Moline (Ill.) Firefighters Worry About Vote to Cut 12 Paramedic Positions

MOLINE, Ill. — Moline is developing and expanding its tax base, but the economy and the fiscal realities of public safety plans mean the city’s leaders have difficult decisions ahead, Mayor Don Welvaert said Monday.

Welvaert’s annual State of the City address, delivered to a combined meeting of the Moline Rotary and Kiwanis clubs, also was attended by at least a dozen members of the local firefighters union. The firefighters are concerned about a council vote last month to cut costs by eliminating 12 paramedic positions in anticipation of contracting with a private company to provide emergency medical services.

Welvaert said the city eliminated 26 jobs between 2007 and 2011 and has eliminated 13 positions in the 2012 budget, including the 12 paramedics and one police officer, because of the cost of paying their pensions.

“The current model of public safety service is simply unsustainable,” he said.

Communities and school districts need to consider further consolidation and sharing of resources to help deal with rising costs and lagging revenues, Welvaert said.

Welvaert said development under way in Moline also will improve the city’s budget situation by expanding the tax base and bringing in more revenues. He said $71 million in improvements were under construction in 2011, including the new Sustainable Technology Building at Black Hawk College and the first phase of the Western Illinois University – Quad-Cities Riverfront Campus.

At least $72 million in new construction is expected to begin in Moline in 2012, including a Genesis Health System medical office on 41st Street, the second phase of the WIU campus and construction of a passenger rail station.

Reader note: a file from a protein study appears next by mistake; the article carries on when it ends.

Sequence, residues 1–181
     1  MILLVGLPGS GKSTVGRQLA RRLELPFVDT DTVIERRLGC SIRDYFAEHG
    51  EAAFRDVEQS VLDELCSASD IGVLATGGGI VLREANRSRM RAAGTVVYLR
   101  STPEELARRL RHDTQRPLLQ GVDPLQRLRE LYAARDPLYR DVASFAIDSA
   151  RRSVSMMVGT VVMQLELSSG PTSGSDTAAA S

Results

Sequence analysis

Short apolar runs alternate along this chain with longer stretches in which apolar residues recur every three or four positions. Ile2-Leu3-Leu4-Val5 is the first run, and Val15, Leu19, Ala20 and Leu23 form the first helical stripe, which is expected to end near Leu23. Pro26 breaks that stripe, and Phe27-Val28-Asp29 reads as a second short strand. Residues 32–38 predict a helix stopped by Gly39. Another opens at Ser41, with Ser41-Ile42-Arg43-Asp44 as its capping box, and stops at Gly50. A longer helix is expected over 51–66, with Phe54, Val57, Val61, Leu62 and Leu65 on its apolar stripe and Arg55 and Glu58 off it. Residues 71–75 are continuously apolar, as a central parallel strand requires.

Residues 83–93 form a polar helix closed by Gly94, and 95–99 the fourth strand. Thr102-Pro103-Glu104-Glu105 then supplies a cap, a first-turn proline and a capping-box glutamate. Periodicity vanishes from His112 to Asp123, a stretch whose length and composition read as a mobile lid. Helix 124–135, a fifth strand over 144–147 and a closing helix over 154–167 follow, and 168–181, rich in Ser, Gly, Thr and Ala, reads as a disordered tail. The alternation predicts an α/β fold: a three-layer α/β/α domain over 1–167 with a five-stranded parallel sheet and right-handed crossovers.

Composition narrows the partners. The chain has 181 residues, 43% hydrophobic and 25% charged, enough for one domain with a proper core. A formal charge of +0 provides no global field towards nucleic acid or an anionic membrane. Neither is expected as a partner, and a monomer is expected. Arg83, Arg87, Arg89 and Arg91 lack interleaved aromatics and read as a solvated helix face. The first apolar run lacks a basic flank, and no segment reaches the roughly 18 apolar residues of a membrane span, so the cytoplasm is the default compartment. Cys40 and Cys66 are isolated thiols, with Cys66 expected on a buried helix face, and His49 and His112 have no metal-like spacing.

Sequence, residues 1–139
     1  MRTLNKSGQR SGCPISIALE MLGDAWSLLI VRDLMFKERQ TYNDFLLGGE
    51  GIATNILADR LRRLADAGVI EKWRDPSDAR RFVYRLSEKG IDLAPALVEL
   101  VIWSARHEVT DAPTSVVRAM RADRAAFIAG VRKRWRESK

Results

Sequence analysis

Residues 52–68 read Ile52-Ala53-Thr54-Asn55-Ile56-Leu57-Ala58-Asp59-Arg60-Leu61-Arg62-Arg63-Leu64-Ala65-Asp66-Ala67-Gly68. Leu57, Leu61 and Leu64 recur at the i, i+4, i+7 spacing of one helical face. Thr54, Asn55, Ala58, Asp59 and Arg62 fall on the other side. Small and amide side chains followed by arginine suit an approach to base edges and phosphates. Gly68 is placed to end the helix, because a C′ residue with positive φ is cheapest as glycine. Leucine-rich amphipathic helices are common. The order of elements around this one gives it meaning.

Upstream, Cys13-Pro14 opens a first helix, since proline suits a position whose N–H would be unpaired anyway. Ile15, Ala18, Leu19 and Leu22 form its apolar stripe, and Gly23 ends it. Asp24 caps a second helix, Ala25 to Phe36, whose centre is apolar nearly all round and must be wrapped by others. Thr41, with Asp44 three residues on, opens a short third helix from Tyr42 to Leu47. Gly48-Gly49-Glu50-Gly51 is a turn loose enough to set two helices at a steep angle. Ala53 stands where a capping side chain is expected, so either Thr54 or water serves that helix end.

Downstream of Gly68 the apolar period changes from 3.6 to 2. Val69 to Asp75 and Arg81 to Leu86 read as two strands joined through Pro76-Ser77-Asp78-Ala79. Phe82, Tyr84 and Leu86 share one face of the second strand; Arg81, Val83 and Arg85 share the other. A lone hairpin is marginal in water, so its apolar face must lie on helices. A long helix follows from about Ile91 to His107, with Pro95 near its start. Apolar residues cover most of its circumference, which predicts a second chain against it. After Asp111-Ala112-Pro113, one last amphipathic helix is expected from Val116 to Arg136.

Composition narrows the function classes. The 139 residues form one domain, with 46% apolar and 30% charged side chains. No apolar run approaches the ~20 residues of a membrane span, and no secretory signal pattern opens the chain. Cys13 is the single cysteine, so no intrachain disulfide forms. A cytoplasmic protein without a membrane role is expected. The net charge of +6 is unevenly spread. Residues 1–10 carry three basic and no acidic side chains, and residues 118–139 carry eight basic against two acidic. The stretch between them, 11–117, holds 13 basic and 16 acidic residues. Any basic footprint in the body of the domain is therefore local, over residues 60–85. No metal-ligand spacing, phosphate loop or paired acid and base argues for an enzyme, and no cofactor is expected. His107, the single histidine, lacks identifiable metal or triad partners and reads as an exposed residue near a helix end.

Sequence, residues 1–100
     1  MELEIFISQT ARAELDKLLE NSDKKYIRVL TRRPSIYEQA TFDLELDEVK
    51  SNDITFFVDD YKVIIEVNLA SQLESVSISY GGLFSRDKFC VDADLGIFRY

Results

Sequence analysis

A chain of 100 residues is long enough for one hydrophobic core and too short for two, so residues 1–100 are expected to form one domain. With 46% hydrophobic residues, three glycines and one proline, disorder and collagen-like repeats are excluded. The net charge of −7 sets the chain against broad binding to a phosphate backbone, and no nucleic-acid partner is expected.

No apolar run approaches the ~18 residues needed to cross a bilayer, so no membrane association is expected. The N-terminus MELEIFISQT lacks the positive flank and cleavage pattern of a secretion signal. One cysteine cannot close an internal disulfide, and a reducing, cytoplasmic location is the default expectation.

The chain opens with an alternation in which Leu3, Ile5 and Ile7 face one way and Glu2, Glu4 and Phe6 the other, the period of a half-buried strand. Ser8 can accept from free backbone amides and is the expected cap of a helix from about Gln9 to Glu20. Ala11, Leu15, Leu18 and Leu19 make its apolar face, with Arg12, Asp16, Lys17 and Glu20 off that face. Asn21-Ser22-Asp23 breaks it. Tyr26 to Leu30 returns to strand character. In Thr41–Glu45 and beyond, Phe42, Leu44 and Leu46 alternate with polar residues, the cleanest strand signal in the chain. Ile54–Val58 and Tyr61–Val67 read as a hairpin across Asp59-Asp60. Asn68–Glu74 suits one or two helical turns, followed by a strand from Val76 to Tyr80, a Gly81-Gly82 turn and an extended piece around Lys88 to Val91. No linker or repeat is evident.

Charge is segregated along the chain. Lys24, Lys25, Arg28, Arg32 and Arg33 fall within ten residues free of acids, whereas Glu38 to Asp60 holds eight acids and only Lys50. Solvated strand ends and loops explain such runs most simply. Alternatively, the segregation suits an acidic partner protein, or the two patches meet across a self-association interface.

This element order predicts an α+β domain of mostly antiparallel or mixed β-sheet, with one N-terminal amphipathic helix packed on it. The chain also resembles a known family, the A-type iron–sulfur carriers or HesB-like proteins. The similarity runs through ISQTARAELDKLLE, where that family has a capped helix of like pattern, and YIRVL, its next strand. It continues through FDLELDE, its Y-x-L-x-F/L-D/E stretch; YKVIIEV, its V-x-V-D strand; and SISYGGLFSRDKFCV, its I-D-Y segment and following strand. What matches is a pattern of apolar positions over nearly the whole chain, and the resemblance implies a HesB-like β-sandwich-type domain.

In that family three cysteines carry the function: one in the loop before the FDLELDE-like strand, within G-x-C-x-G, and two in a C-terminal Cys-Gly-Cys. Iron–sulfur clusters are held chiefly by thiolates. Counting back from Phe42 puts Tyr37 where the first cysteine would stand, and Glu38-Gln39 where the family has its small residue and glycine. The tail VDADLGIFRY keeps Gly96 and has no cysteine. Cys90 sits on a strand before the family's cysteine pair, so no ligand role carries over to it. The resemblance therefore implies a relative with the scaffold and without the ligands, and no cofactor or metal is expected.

After his address, Welvaert called the construction “very positive for the city of Moline and very positive for the creation of jobs.”

Brian Vyncke, president of Local 581 of the International Association of Firefighters, which represents the Moline firefighters, said the firefighters attended the address because they wanted to hear what Welvaert had to say.

“It’s all the same rhetoric we’ve heard in the past,” he said.

Vyncke said the union is willing to work with the city to find a compromise that will save the city money and maintain fire department staffing at a safe level.

Vyncke said there is no quick fix to the problem.

“We didn’t get here overnight, and it’s not going to go away overnight,” he said.

Vyncke said he didn’t think the $152,000 the city hopes to save this year by eliminating the paramedic positions is worth the loss of those 12 paramedics.

Welvaert said after the meeting that the $152,000 the city hopes to save this year will grow to $300,000 to $450,000 in the near future as more firefighters retire and start receiving their pensions.

“It’s a national problem,” he said. “Public pensions are absolutely killing us.”

No posts to display